Published Jul 16, 2009Along with the joys and grievances of blog hype, MP3s and the ability to discover entire new genres of music in one busy evening, there's no question that the internet's stranglehold on music has opened up a huge debate about music and the way it's marketed and distributed. Adding his two cents, Glaswegian rocker and founding Mogwai member Stuart Braithwaite recently posted an article on Drowned In Sound bemoaning the current state of music journalism.
Here's a tasty excerpt:
The NME and Melody Maker (and, back in time, Sounds) were huge in letting me know about exciting new music when I was younger. I'll leave it to bitter Guardian journalists to write the scathing comparisons between the modern and bygone weekly music press but I think what has been largely forgotten was the huge power in shaping people's tastes in music that they had. Some would argue that the editorial policy being run by brand managers rather than music obsessives is the difference between then and now but I would argue that that is a symptom rather than a cause, and what took the power away from the small band of Oxford graduates in a big building in London is the internet. And I'm not sure that we have anything better now.
It's 2009 and the idea of even waiting for the release of a record before hearing it, never mind buying it, is antiquated. The very mention of a new band's name, you can go to their MySpace and hear what they sound like. I became aware of this when we were touring before our third record and people clearly knew the songs, even though the record was months from release. I'm not whinging about lack of sales through downloading, incidentally. It's more how we see music through these changes that interests me. When music became freely available in this way, it excited me on so many levels. Imagining suddenly that we'd all become free of the shackles of the herd mentality to music and all become wiser and everyone with an amazing song or idea would be able to distribute their music to anyone and everything was going to be wonderful.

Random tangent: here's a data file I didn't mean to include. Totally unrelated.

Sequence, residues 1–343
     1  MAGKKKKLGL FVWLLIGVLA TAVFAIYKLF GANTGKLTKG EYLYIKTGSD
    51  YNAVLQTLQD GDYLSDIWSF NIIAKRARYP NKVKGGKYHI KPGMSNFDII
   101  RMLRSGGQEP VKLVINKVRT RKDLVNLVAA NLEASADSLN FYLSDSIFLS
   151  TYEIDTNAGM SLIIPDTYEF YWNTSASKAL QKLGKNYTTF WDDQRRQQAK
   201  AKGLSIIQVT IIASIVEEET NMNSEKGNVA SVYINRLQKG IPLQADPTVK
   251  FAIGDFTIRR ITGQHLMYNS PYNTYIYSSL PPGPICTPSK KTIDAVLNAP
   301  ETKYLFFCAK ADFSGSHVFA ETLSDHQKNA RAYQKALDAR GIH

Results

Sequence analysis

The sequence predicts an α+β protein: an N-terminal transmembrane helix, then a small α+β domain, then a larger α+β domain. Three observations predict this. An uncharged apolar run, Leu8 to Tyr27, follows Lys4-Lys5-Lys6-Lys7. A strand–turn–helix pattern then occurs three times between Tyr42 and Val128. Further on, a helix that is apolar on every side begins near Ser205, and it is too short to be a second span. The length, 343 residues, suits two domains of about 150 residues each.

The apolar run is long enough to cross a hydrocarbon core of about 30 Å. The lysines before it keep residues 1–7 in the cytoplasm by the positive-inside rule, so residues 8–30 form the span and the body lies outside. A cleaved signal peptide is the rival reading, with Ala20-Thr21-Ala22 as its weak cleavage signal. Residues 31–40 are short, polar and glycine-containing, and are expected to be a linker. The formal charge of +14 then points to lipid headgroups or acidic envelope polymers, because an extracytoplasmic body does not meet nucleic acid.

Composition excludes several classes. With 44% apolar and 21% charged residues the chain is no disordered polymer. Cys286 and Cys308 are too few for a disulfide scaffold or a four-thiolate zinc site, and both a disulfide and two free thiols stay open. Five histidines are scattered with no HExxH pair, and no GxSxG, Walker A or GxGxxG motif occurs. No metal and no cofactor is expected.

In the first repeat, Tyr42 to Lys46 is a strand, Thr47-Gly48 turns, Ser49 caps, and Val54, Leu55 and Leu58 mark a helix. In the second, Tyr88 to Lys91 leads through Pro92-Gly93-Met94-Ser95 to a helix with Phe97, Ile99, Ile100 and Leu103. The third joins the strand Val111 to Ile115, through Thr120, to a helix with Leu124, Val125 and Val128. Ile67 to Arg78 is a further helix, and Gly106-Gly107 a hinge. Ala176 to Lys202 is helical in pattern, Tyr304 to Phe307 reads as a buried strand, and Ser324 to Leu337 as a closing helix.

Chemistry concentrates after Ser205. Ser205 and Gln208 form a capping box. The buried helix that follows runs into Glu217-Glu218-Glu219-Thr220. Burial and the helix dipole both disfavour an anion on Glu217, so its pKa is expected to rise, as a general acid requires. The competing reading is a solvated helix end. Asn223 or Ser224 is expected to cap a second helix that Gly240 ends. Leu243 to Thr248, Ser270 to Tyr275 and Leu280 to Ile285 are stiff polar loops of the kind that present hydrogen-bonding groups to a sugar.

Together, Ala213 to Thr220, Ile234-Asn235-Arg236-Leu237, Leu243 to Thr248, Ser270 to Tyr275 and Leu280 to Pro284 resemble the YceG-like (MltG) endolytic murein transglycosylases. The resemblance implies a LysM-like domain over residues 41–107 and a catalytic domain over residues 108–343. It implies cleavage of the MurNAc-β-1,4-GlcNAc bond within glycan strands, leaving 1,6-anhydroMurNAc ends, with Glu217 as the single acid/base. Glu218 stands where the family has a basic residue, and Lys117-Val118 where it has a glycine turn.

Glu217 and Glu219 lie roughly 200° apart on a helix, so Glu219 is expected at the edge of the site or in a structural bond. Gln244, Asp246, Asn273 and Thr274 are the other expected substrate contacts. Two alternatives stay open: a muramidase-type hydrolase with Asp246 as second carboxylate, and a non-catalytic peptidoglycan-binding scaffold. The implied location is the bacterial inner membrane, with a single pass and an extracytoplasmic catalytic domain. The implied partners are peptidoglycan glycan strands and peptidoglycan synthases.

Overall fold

When I was younger I used to think that the only reason that Labradford sold a fraction of the amount of records Robbie Williams did was because people hadn't had the chance to hear them. I was wrong. So. Fucking. Wrong.
In 2009, the source of critical opinion has changed but the outcome is the exact same. Swap '90s NME for '00s Pitchfork and people are still willing to buy into pretty much anything they are presented with. Both publications have of course championed some great music but isn't it a little bit sad that with all the music now at our fingertips we still need someone else to tell us what to like?
Read the entire thing here.